The reason why that was a great era of outstanding volleyball and personalities is you wanted to see Hovland and Dodd play Smith and Stoklos. The players didn’t get along. There were good guys and bad guys. It was Santa Monica against South Bay. The fans had people to root for. One of the only downsides of the beach volleyball today is the players travel together, they share sponsors and agents, and they all get along. Those rivalries don’t seem to be there today. Maybe some of the guys coming up will have that attitude – like the Crabbe brothers from Hawaii, or Casey Patterson. It’s just that others are more business-like. We could use a few more entertainers.
Q: How can you as a broadcaster inject some of the entertainment back into the game? You’ve always had your own lingo and terminology, like what Chick Hearn did for the NBA.
A: When I call matches, I try to investigate and find story angles, look for rivalries, maybe one player was dumped by another partner. In the international game, some U.S.-Brazil rivalries are as good as it gets in beach volleyball. Both have been premiere countries for talent going back to 1996. They teams may be cordial but they don’t like each other. When I talked to Kerri Walsh Jennings about Brazil teams, she will say, ‘Yes, they’re very good.’ But then she gets a big smile on her face and says, ‘But they’re beatable.’
The annual story that’s not news until it’s actually breaking news is starting to break down our defenses.
Why hasn’t Vin Scully announced yet whether he’s coming back to call games for the Dodgers in 2016?
Because. It’s his prerogative. The biggest name in Dodgers’ history always has that right of way. We yield. … It’s easy to get caught up in hand-wringing about why many still can’t hear Scully call games on the Dodgers’ new TV channel for the last two season. But there isRick Humphrey, a graphic artist living in Torrance who grew up in near Palos Verdes’ Lunada Bay and has worked for years at an aerospace company in El Segundo — just a short toss away from those SportsNet L.A. offices.
He has channeled his talents into something much more creative and productive. This illustration above serves as an illustrious tribute to Scully, that Humphrey would like to see raise money for the Dodgers’ Dream Foundation and give resources back to the inner-city in Scully’s name. More of the story here …
Glory Days:It’s Chris Marlowe and Paul Sunderland calling the 1992 Manhattan Beach Open (above)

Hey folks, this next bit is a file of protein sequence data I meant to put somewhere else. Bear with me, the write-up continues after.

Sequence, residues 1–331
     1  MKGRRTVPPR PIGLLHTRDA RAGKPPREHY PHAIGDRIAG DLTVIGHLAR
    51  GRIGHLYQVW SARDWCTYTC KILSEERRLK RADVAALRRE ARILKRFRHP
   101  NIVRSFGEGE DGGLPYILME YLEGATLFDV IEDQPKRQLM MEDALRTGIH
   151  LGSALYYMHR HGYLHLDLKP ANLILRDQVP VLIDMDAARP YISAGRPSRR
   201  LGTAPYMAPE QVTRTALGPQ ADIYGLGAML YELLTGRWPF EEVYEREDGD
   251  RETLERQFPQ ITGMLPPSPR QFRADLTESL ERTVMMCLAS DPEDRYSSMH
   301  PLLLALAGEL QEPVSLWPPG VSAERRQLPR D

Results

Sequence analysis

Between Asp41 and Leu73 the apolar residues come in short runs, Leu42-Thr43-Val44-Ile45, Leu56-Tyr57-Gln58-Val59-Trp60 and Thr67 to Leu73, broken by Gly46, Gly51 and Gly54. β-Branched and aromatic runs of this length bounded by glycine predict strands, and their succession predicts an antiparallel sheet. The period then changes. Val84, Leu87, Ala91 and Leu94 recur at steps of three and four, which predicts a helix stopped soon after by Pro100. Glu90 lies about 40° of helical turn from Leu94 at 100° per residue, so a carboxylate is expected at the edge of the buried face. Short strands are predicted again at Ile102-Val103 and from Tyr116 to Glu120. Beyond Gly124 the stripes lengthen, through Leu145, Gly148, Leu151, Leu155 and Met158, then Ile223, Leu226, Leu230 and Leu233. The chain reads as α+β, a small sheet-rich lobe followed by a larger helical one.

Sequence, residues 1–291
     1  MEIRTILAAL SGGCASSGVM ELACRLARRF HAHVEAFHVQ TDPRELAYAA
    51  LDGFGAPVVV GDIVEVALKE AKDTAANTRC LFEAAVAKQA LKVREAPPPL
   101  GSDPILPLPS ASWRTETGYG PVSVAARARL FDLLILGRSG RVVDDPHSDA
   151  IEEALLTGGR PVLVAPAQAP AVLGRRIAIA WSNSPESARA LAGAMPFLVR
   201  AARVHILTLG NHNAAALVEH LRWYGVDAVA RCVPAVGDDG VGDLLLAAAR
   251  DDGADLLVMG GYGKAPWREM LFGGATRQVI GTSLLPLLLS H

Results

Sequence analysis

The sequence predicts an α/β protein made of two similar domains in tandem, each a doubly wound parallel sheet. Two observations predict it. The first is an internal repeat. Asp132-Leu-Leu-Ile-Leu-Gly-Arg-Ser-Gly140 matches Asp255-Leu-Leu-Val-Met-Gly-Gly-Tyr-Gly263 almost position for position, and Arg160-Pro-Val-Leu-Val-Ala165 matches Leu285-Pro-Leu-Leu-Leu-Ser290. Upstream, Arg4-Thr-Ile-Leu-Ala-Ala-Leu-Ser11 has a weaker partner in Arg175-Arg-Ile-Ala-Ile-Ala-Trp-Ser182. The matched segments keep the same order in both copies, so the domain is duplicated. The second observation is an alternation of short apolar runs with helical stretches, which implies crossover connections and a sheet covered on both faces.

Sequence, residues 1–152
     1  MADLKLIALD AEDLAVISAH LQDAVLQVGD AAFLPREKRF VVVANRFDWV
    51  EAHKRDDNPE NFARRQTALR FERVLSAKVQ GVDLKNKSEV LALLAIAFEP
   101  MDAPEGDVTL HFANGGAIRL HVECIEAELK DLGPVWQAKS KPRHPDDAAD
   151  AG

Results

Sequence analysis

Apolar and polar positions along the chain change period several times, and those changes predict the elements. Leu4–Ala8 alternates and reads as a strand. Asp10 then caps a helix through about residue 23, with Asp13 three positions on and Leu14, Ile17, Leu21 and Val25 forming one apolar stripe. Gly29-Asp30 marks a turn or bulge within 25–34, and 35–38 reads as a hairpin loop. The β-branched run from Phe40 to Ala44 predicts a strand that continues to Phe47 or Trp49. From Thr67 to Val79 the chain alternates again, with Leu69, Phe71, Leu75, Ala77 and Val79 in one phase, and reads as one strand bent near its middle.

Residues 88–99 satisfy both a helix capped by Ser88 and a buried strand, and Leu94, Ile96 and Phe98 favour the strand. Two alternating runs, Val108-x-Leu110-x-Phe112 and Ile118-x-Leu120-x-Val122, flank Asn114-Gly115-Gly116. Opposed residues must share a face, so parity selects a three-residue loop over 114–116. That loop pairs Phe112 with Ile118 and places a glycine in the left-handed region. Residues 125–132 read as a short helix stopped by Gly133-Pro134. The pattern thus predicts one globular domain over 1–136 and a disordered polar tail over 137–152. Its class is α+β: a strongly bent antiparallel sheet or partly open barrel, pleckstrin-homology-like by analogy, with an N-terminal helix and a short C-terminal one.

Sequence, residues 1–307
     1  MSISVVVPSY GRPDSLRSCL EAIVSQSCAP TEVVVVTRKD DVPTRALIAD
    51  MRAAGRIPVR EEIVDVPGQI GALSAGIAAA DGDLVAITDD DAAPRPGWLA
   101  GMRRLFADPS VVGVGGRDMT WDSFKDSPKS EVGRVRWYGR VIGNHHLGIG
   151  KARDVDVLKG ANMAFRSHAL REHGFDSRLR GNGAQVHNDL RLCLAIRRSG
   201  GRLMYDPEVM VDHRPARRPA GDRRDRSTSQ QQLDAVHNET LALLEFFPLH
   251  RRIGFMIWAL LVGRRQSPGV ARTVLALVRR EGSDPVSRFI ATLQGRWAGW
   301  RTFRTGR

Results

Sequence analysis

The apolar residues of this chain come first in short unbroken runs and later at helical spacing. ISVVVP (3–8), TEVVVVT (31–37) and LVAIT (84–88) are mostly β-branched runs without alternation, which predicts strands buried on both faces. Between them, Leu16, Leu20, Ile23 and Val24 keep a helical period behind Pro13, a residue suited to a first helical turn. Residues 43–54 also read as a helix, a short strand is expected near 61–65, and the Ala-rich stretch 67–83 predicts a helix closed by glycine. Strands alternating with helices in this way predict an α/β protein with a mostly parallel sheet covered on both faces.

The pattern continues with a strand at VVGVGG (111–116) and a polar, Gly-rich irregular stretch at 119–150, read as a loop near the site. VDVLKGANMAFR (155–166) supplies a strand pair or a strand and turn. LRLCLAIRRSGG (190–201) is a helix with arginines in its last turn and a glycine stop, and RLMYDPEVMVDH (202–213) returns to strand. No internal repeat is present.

What we have planned for this weekend’s edition:
Chris Marlowe wasn’t the first voice of Olympic beach volleyball when NBC brought it into the gold-medal area some 20 years ago at the 1996 Summer Games in Atlanta.
NBC had assigned him and Paul Sunderland, teammates on the U.S. gold-medal-winning 1984 team at the L.A. Summer Games, to the indoor volleyball venue.
Instead, it was two other SoCal based broadcasters — Randy Rosenbloom, with former beach legend Kirk Kilgour — who planted the flag at that beachhead. Bill Walton was there, too, as a sideline reporter.
Considering all that Marlowe and Sunderland had accomplished as a broadcast team in delivering the sport as a TV commodity to that point with their stellar and colorful Prime Ticket coverage in the 1980s and ’90s, it’s easy to assume they’d have been there to help usher the sport into this new TV era.
“I don’t think anyone really realized how big the beach event would become from that particular tournament,” said Marlowe, who, since then, has called the beach game during the 2000, ’04, ’08 and ’12 Games, and is already signed up to do the 2016 event in Rio.
In an extended Q-and-A we’ve done with Marlowe, who a week after doing the AVP’s Manhattan Beach Open is back to call this weekend’s Long Beach World Series of Beach Volleyball and the FIVB Grand Slam finals, he reflects on when the sport stepped up its game to become an Olympic-quality TV experience.
Many of the top men’s beach players at the time were involved — Karch Kiraly and Kent Steffes were the first gold-medal winners, with Mike Whitmarsh and Mike Dodd taking the silver and Singin Smith out of the medal round — but others who brought the sport into this Olympic realm were either past their prime or not interested. For that matter, the U.S. women didn’t even gain a medal in 1996, but now it supports one of the strongest pools of talent in the world.
Marlowe, who won a gold medal at the 1984 Summer Games in L.A. as captain of the U.S. national indoor team, talks about how that transition went:
Chris Marlowe and Jim Menges won the 1977 Manhattan Beach Open. Photo: BVBInfo.com